Three hours of oral argument before Judge Hammer and a packed gallery in the historic Jefferson County Courthouse on Tuesday brought two of Jefferson County Vision’s cases related to Rockwool—a zoning suit and a taxation suit—closer to a resolution. At the end of the hearing, lawyers from both sides were directed to submit their pertinent legal points to the judge within ten days’ time, after which Judge Hammer will issue decisions.
Chris Stroech, JCV’s attorney at Arnold & Bailey of Charles Town, argued the City of Ranson did not follow the law when rezoning to allow heavy industry and Rockwool. Ranson was required to give a two week notice to the public when rezoning the Jefferson Orchards property, yet failed to do so.
When Judge Hammer asked what would happen if he were to remand Ranson—that is, to force the city to re-issue the notices lawfully and allow for public hearings—Stroech responded, “Ranson needs to follow due process.” Stroech also strongly argued that this is about more than Rockwool; other land was zoned industrial and there may be other industrial users down the road.
According to JCV board member, Amanda Foxx, “For all of these decisions, public opinion should have been included in the first place; instead these changes were made in the dark. We will not stand by and allow a 1,000 acre industrial park to be built without the public’s consent. Ranson must follow the law.”
JCV secretary Lori Maloney added, “The people of Jefferson County will be heard, and our attention is on the City of Ranson. We urge all people in Jefferson County to let the Ranson City Council members know—by attending meetings, and by writing letters and emails—that we are paying attention and we will not allow any shady antics to happen going forward.”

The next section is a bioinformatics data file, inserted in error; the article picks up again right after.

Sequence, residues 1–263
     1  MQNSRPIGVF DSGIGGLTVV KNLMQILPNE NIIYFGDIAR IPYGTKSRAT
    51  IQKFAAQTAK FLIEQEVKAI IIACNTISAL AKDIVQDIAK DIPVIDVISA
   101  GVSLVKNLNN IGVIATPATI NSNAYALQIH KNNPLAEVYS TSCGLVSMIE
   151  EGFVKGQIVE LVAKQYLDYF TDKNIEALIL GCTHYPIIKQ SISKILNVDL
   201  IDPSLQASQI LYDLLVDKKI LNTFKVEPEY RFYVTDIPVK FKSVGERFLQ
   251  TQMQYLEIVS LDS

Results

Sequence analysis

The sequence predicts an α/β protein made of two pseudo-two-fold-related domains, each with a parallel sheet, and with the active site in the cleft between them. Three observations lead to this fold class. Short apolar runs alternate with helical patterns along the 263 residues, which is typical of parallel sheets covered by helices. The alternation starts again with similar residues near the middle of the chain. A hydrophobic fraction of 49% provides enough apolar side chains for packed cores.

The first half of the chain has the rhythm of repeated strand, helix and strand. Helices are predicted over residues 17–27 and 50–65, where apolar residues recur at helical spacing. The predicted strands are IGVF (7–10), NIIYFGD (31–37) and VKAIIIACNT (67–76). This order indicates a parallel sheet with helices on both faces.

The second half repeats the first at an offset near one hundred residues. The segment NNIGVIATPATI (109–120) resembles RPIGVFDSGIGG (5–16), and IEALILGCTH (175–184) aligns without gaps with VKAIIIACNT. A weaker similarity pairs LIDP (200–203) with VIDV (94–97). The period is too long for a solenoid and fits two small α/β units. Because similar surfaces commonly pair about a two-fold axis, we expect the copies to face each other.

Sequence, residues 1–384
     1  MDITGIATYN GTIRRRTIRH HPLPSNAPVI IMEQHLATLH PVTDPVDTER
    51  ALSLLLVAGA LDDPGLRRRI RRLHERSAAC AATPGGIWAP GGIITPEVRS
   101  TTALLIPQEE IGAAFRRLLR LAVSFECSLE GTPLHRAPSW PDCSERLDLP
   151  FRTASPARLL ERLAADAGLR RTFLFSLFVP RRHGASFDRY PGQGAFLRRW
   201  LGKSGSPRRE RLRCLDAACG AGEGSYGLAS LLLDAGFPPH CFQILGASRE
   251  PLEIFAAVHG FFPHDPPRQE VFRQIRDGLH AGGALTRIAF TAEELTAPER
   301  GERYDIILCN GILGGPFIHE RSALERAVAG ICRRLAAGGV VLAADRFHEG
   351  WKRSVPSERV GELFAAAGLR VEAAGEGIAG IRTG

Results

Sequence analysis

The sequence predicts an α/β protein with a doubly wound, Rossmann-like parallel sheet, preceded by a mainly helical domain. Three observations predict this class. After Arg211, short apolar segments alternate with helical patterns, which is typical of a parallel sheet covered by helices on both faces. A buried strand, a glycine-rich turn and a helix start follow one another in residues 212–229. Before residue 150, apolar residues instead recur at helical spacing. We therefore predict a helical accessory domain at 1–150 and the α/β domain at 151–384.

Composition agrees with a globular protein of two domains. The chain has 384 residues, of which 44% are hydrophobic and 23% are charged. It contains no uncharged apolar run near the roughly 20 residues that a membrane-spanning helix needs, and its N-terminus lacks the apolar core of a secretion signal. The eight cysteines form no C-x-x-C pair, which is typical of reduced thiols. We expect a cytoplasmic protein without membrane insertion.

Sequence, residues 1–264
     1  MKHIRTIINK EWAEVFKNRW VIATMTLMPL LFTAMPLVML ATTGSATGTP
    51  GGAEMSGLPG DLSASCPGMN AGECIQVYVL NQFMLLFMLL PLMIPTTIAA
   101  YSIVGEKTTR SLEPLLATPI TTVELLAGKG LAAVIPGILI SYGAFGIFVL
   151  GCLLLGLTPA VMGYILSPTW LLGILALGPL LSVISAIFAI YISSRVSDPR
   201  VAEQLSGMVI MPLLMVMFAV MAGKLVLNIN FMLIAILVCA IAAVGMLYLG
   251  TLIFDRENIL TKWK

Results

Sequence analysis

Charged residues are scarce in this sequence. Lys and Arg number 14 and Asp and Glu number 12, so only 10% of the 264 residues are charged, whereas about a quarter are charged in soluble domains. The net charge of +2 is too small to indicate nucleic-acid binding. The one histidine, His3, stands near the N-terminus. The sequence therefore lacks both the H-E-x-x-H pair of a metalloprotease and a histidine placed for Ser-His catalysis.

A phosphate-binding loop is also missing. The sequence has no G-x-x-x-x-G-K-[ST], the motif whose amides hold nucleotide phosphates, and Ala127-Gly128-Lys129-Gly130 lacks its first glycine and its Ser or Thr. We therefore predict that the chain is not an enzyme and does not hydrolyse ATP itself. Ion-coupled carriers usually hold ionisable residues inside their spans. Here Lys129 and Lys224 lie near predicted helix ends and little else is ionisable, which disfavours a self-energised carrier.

The first hearing of the afternoon concerned the PILOT (Payment in Lieu of Taxes) agreement, which grants Rockwool unfair tax breaks. JCV’s case was led by Professor Robert Bastress, who argued that the WV constitution has two themes: taxes must be equal, and everyone must pay their fair share—one can’t avoid tax responsibility by technical smokescreens. Professor Bastress continued that the “fiction,” or smokescreen, is that the property will be owned by the Jefferson County Development Authority—not Rockwool—in a scheme to avoid paying taxes. Like the thousands of members in this community, JCV thinks Rockwool should pay its fair share, and not use a technical smokescreen to defy state law.
Jefferson County Vision looks forward to Judge Hammer’s upcoming rulings, and, whatever the outcome may be, remains committed to its goals to promote clean air, clean water, and clean government for Jefferson County.
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